Once in a while, it seems as though the Universe is telling me to pay attention to something. Twice today I’ve run into the word “lurch”, so I decided to do a little research. I’d always wondered how we started using the phrase “left in the lurch”, and the latest World Wide Words newsletter gave a brilliant etymology – as always: it’s from a sixteenth century French dice game.
But what really grabbed me was the phrase meaning “to lose embarrassingly badly”: demeurer lourche.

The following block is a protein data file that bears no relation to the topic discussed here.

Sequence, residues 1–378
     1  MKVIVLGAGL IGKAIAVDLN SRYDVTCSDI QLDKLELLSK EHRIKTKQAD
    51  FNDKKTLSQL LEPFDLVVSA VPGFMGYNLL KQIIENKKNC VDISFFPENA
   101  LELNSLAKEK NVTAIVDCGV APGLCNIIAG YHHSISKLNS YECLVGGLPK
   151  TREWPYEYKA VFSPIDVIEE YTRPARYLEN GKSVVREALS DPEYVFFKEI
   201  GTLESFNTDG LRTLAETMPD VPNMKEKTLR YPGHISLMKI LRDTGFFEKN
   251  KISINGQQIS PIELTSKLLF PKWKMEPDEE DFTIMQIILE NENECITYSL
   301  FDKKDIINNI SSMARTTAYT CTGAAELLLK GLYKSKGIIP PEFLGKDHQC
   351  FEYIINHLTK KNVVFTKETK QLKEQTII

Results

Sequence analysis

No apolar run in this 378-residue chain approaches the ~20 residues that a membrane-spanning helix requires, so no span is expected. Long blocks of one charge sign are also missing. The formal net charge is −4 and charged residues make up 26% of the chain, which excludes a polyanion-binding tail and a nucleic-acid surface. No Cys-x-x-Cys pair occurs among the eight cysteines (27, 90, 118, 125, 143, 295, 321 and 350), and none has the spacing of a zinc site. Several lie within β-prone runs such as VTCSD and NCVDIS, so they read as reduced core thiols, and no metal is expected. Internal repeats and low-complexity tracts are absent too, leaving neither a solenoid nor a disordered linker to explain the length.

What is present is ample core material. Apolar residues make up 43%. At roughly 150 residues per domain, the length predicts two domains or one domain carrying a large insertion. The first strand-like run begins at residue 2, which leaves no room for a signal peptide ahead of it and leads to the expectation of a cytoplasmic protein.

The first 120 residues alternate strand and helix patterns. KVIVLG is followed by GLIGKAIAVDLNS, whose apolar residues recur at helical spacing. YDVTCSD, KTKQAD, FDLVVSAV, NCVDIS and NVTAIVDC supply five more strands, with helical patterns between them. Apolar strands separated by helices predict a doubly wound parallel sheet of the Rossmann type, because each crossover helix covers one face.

It’s possible I’ll write a Romance where someone is left in the lurch, but before then I may have someone use this phrase. It would say a lot about a character if s/he lamented his run of demeurer lourche. I may not know this character yet, but I’d love to use this without forcing it on anyone.
Per Dictionary.com, here’s the origin of the word that started this: lurch.
1525–35; < Middle French lourche a game, noun use of lourche (adj.) discomfited < Germanic; compare Middle High German lurz left (hand), Old English belyrtan to deceive
I hope none of you out there are left in the lurch or in any way discomfited over this holiday weekend.